As I pondered that verse, I had to admit; sometimes I’m a finicky spiritual eater as well. Just like my appetite as a teenager, I can pass up a spiritual meal and not really feel deprived. Maybe I can feel a little spiritual hunger, but a quick Pop-Tart devotion is enough to tide me over and I can get back to my busy schedule. When I do sit down to eat, am I guilty of “chicken-finger theology” – only reading the verses that appeal to me and not addressing some of the weightier topics that God would like to use to transform me?

Lord, forgive us when our spiritual diet consists of only hominy, plain hamburgers, and dare I say, doughnuts. Give us a gnawing, unquenchable hunger for a seven-course smorgasbord of spiritual food from your word.


Release the…Meek?

“Release the Kraken!”

That’s a favorite movie quote of mine. The Kraken is a mythical sea monster that was kept under control until it was time to do some damage. Scott’s sermon this past week was also about strength under control. The Bible calls it “meekness,” which some mistakenly equate to weakness. As Scott explained, an example of meekness is the idea of a tamed animal, such as a horse. Unfortunately, that’s a concept I’m very familiar with.

I grew up in a rural area where horses were plentiful, but I never really had a desire to ride. However, when some friends offered to take us riding I thought, “Sure, why not?” We followed the typical trail ride technique, horses following each other at a leisurely pace.

After conquering that, I started channeling my inner cowboy so I asked, “Hey, can I take her out in the pasture and try a gallop?” My friend reluctantly agreed and soon I was at one end of the field giving my valiant steed a swift kick and a “Giddyup!” That was obviously the cue for the horse to release the strength he had been keeping under control.

The next few minutes are still a blur of terror and shouting “Whoa!” Judging from the start out the gates, my horse must have had some unfulfilled dream of competing in the Kentucky Derby. I had no control over that animal whatsoever. Soon, we were headed straight for a group of three cows minding their own business. I swear when they looked up I could see their eyes widen. Cows may look slow, but let me tell you, they can jump out of the way quickly when they see a screaming, colorless rider on an out of control horse bearing down on them.

After successfully dodging the bovines, I realized the tree line was rapidly approaching. Luckily, as I was calculating limb evasion techniques, my little filly decided it was time to stop…and head back across the pasture at the same clip. When we got back to our starting place, my friend just stepped in front of the horse and said, “Whoa, girl.” I guess I had the wrong inflection in my voice when I said “Whoa” over a hundred times.   No matter, I was just glad to find the ground on my own terms.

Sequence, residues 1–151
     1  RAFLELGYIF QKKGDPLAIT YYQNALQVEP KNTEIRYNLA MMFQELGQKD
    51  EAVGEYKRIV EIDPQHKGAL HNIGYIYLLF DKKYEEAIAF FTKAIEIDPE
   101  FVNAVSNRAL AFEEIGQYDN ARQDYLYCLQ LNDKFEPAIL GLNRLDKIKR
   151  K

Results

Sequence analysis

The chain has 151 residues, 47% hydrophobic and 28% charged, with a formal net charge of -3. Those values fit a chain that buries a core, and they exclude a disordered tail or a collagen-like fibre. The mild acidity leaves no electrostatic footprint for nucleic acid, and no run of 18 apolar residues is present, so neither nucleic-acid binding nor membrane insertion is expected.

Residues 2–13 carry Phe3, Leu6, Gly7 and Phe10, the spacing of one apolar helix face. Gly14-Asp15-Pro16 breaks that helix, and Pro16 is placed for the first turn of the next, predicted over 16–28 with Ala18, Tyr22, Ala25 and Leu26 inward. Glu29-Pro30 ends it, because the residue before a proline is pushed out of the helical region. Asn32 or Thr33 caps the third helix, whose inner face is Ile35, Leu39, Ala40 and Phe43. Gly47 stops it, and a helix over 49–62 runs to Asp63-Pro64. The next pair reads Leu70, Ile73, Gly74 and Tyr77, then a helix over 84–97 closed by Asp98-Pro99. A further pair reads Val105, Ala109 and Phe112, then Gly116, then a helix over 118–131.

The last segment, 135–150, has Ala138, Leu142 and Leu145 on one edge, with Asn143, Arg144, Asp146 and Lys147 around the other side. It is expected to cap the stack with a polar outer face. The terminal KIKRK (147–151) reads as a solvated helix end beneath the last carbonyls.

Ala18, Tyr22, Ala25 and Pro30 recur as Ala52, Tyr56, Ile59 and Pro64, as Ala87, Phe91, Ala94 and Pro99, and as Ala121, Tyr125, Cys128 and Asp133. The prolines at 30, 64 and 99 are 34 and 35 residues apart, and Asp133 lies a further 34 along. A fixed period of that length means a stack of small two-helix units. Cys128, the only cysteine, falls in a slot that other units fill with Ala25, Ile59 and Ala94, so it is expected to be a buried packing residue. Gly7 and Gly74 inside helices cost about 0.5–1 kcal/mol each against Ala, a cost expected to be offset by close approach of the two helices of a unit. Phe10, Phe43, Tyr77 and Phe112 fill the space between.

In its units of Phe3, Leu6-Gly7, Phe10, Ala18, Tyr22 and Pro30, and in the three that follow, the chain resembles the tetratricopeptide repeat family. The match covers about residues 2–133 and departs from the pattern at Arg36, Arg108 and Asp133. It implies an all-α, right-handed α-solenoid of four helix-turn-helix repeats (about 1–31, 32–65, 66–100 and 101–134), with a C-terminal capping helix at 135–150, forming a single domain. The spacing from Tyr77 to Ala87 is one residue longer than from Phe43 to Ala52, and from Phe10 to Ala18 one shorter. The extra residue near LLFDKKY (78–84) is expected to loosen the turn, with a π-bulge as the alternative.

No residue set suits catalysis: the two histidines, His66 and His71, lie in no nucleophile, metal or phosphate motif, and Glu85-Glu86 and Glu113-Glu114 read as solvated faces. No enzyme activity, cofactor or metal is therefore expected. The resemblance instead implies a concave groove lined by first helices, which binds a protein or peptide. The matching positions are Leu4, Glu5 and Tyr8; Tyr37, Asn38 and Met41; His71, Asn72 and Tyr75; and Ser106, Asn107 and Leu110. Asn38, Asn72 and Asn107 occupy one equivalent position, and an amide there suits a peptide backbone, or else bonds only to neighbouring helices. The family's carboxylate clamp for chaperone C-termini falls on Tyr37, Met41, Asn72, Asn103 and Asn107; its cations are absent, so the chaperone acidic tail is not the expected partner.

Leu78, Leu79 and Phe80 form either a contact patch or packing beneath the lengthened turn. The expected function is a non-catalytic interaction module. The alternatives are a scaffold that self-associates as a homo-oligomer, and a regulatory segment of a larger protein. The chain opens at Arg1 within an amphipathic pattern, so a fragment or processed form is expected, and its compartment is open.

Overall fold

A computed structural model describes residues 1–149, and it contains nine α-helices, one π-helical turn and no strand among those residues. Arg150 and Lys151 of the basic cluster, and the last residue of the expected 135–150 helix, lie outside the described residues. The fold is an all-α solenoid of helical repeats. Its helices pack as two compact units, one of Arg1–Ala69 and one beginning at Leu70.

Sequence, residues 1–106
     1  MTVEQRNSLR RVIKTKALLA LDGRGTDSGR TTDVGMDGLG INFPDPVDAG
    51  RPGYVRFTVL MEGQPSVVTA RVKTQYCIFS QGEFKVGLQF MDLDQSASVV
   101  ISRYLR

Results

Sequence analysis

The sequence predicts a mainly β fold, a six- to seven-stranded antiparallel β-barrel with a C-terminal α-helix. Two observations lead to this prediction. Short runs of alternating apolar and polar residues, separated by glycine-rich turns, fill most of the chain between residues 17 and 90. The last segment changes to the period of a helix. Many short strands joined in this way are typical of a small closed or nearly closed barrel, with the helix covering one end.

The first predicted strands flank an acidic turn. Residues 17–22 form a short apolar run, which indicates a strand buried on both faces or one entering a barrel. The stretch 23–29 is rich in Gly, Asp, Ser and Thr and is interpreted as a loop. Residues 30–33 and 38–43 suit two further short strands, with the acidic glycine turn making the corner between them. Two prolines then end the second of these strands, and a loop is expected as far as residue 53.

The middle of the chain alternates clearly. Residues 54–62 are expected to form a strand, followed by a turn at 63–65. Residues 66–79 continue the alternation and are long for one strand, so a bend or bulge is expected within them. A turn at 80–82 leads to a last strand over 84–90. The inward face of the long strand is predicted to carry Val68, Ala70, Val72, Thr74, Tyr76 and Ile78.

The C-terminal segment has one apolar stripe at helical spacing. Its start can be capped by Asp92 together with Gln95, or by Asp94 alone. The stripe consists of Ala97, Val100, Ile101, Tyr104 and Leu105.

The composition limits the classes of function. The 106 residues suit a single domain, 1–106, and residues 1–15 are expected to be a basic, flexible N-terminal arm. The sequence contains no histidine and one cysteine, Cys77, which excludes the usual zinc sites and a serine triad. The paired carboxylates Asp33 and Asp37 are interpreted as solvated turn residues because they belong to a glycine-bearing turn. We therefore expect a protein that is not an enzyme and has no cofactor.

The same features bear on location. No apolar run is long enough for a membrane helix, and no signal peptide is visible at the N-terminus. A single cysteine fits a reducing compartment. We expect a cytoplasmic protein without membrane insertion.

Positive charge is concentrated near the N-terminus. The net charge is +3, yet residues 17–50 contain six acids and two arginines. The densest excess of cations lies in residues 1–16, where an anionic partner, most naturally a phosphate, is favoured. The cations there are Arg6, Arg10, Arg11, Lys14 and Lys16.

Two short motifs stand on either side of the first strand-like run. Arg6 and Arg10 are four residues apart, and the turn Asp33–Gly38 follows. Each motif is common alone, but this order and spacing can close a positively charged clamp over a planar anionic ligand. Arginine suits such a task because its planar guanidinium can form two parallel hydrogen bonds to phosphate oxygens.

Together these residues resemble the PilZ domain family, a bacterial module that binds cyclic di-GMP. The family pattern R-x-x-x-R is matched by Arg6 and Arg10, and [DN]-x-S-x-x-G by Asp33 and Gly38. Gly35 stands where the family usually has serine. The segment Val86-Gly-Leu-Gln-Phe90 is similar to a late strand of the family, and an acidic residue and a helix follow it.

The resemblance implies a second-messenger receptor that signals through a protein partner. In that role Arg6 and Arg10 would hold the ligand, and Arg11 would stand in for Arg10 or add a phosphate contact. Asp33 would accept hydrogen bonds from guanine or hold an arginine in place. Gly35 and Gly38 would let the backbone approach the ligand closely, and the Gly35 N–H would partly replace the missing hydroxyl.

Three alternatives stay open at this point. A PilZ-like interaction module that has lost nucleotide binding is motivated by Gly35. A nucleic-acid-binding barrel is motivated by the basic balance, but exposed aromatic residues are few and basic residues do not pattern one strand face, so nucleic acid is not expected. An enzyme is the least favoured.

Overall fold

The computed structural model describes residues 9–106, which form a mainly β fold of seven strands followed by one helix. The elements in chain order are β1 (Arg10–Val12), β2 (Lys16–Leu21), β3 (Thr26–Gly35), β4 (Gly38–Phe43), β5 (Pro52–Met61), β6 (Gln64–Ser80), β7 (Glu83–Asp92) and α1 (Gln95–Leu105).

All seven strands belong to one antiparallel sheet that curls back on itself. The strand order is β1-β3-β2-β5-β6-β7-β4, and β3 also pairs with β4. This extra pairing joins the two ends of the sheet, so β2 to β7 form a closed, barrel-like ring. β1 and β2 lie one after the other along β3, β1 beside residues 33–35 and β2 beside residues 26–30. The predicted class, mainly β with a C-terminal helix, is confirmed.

At the appointed time, my horse released the strength that was previously held in check. As Christ-followers we have the strength of the Holy Spirit dwelling within us. We keep this strength internalized most of the time, but consider these situations when our hidden strength needs to become visible:

  1. Boldly sharing our faith
  2. Defending our faith and biblical principles in a world marred by sin
  3. Coming to the aid of those in difficult situations to comfort and provide tangible support

Yes, we are to show the love of Christ in compassion and gentleness, but there are times when love comes in the form of assertiveness and a firm resolve to stand for what’s right. As we encounter those situations, we should pray and ask for wisdom. If the Lord gives the OK, “Release the meek!”


Really, I’m not a Vulcan

I never cry at funerals. While others around me are creating mounds of used Kleenex, I just get very quiet and reflective. Don’t get me wrong, the sadness of the loss is heartfelt, it just doesn’t generate tears. To be honest, it makes me feel a little self-conscious. “Why aren’t you crying, you heartless Vulcan,” is what I imagine people are thinking. Well, just to disprove that I’m not Spock’s long-lost brother, let me share with you two things that do generate tears for me.

Music – A powerful worship song with penetrating lyrics has been known to moisten the eyes. Music is powerful medium that can fiercely tug at my heartstrings. If you suffer the same malady, let me suggest something more up-tempo during rush hour on I-75. Gridlock + blurry vision = an increase in your insurance premium.

There’s one annual music event that causes my tear duct geysers to erupt like Old Faithful. When the first few bars of “Arise my Love” start playing at Easter, I just start waving the emotional white flag. When the guys get to the bridge and sing “the grave could not hold our King,” well, there’s no holding back the flood gates. See, I’m clearly not an emotionless Vulcan.